Toronto Real Estate Board was not-for-profit corporation whose members acted as real estate agents or brokers, and all of its members were also members of Canadian Real Estate Association. Board offered services to its members, including access to MLS database which contained extensive information about listed properties, but members were restricted to what portions of information they could place on their own websites that were made available to members of public. Commissioner of Competition complained that certain of board’s practices violated s. 79 of Competition Act. Competition tribunal found that MLS rules that prohibited board’s members from posting information to their own websites about sold, withdrawn, expired, suspended or terminated listings and about details of pending sold listings constituted abuse of dominant position under s. 79 of Act. Board appealed. Board brought motion for stay of tribunal’s order pending disposition of appeal. Motion granted. Board met threshold of raising at least one serious issue with respect to possibility that tribunal’s order failed to give adequate consideration to property owners’ privacy rights. There was non-frivolous argument that tribunal did not fully consider all relevant potential impacts of its order on third party privacy interests. Board would suffer irreparable harm if requested stay was not granted because there was real possibility that it would lose control over data order required it to permit its members to post on their websites. Once information was available on internet it could be copied, and there was no way to ensure that all copies would be retrieved by board if they were successful on appeal, which would render appeal nugatory. Balance of convenience favoured stay given potential for interference with third party privacy interests and fact that stay would effectively continue status quo. Appeal should be expedited to minimize detriment to public interest in having violation of Act remedied as soon as possible.
Toronto Real Estate Board v. Canada (Commissioner of Competition) (2016), 2016 CarswellNat 6636, 2016 CarswellNat 6637, 2016 FCA 204, 2016 CAF 204, Mary J.L. Gleason J.A. (F.C.A.).

Constitutional Law

Procedure in constitutional challenges

Miscellaneous

Amended statement of claim was struck in its entirety

Plaintiffs, economic think-tank and its members, brought action against Crown defendants with respect to Parliament’s handling of economic and monetary issues, challenging constitutionality of Bank of Canada Act and alleging conspiracy and misfeasance in public office. Crown’s motion to strike statement of claim was granted. On plaintiffs’ appeal, they were granted leave to amend. Plaintiffs’ amended statement of claim abandoned claims under ss. 7 and 15 of Canadian Charter of Rights and Freedoms and instead claims breach of s.3 of Charter. Crown’s motion to strike plaintiffs’ amended statement of claim in its entirety was granted, without leave to further amend, with motion judge ruling that it did not disclose reasonable cause of action as plaintiffs were asking for advisory opinion via declarations. Plaintiffs appealed. Appeal dismissed. Plaintiffs reiterated their arguments, focusing on issue of standing and right to seek declarations of constitutionality. Right to remedy was conditional on existence of justiciable issue. Even on least deferential standard, no error could be detected in motion judge’s ruling. Plaintiff’s arguments had been fully considered and nothing could usefully be added to further explain why their claims were bound to fail. Considering discretionary element in motion judge’s decision that leave to amend should not be granted second time, no error could be detected in that conclusion.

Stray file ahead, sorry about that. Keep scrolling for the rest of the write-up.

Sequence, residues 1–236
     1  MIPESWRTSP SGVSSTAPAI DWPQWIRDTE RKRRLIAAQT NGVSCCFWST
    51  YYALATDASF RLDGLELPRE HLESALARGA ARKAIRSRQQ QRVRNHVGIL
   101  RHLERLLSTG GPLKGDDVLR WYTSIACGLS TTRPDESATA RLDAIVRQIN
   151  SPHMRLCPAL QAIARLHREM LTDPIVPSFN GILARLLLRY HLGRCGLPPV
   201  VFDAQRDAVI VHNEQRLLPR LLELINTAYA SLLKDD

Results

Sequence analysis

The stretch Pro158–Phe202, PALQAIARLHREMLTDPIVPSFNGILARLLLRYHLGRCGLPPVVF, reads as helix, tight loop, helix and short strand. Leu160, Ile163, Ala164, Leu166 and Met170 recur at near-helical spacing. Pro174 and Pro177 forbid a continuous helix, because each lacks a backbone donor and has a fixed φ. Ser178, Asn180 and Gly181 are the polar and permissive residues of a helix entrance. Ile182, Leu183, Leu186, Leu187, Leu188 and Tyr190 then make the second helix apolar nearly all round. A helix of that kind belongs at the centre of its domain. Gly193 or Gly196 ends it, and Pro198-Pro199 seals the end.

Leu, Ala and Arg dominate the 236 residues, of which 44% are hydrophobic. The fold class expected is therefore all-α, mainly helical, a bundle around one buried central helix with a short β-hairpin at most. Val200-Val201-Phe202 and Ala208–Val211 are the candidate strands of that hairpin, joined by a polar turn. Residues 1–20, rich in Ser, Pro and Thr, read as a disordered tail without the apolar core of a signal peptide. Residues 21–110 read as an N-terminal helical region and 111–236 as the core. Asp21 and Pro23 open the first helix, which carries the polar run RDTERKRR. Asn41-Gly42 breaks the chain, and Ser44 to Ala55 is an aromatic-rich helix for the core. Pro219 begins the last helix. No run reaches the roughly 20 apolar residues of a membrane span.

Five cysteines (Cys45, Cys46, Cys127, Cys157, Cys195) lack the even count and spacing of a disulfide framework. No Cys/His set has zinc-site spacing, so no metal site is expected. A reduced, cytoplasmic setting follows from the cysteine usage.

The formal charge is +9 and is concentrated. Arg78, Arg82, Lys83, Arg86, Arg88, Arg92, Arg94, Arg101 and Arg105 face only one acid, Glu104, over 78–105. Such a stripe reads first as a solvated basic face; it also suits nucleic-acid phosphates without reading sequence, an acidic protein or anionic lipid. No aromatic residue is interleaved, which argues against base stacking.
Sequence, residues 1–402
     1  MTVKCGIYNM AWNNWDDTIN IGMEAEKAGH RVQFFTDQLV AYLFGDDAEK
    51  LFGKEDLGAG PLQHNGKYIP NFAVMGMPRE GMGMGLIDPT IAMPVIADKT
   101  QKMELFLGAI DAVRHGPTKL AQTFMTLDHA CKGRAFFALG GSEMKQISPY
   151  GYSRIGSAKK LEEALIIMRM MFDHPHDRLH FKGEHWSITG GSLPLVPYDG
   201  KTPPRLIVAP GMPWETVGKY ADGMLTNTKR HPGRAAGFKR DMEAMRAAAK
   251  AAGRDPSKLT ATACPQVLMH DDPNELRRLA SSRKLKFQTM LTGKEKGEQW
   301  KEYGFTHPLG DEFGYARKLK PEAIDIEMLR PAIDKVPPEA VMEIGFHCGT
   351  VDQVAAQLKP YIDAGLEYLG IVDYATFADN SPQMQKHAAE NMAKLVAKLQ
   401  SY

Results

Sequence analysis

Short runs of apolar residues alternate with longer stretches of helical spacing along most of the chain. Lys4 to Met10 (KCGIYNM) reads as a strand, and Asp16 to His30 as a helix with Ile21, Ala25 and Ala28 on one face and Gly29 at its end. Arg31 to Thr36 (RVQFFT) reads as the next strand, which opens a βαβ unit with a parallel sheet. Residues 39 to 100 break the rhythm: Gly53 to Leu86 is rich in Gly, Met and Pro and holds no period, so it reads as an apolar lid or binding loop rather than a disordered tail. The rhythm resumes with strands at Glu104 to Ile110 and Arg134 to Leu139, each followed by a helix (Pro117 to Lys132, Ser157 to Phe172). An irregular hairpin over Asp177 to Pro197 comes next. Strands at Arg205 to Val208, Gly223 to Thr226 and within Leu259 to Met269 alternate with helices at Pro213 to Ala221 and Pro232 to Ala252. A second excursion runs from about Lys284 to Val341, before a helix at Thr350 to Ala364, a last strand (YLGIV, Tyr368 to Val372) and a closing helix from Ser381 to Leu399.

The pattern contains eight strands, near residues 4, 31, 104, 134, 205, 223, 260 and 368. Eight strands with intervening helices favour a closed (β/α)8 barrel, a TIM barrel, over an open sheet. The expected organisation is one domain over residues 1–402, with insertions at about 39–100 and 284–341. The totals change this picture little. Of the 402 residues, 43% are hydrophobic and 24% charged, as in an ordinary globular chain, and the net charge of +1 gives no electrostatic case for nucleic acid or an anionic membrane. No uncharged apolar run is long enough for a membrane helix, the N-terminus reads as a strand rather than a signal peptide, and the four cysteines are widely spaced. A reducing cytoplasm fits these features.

Committee for Monetary and Economic Reform v. R. (2016), 2016 CarswellNat 6635, 2016 FCA 312, Noël C.J., Near J.A., and Donald J. Rennie J.A. (F.C.A.); affirmed (2016), 2016 CarswellNat 3751, 2016 CarswellNat 381, 2016 FC 147, 2016 CF 147, James Russell J. (F.C.).

Civil Practice and Procedure

Costs

Security For Costs

Company demonstrated it was impecunious

In action for patent infringement defendant brought motion for order requiring plaintiff company to post security for costs. Judge found that company and individual plaintiff, majority shareholder of company, did not have assets that could be used to post security for costs, but that minority shareholder was employed, had some assets and was able to post security for costs. Company was ordered to post security for costs of $195,785.70. Plaintiffs appealed. Appeal allowed. Company did not have sufficient assets in Canada available to pay defendant’s costs if ordered to do so. Company, on its own, was impecunious, and majority shareholder was not able to provide financial assistance to company. In deciding whether company was impecunious it was appropriate to distinguish between shareholders who were manipulating company and those who were not. If company was controlled by one person or group of persons, then it was appropriate to consider financial resources of that person or group in determining whether company was impecunious. If person was minority shareholder and was not part of group controlling company, then circumstances related to that shareholder should be examined to consider whether it was appropriate to take into account his or her financial resources in determining whether company was impecunious. Important factor was percentage of shares held by person, and smaller percentage of shares held, less likely it was that financial resources should be considered in determining whether company was impecunious. Minority shareholder here owned 10 percent of shares, she never had been involved in business and was unwilling to post security for costs. Judge erred in law in considering whether minority shareholder could be sole source of amount that company would be required to post as security for costs. Company demonstrated it was impecunious for purpose of Rule 417 of Federal Court Rules.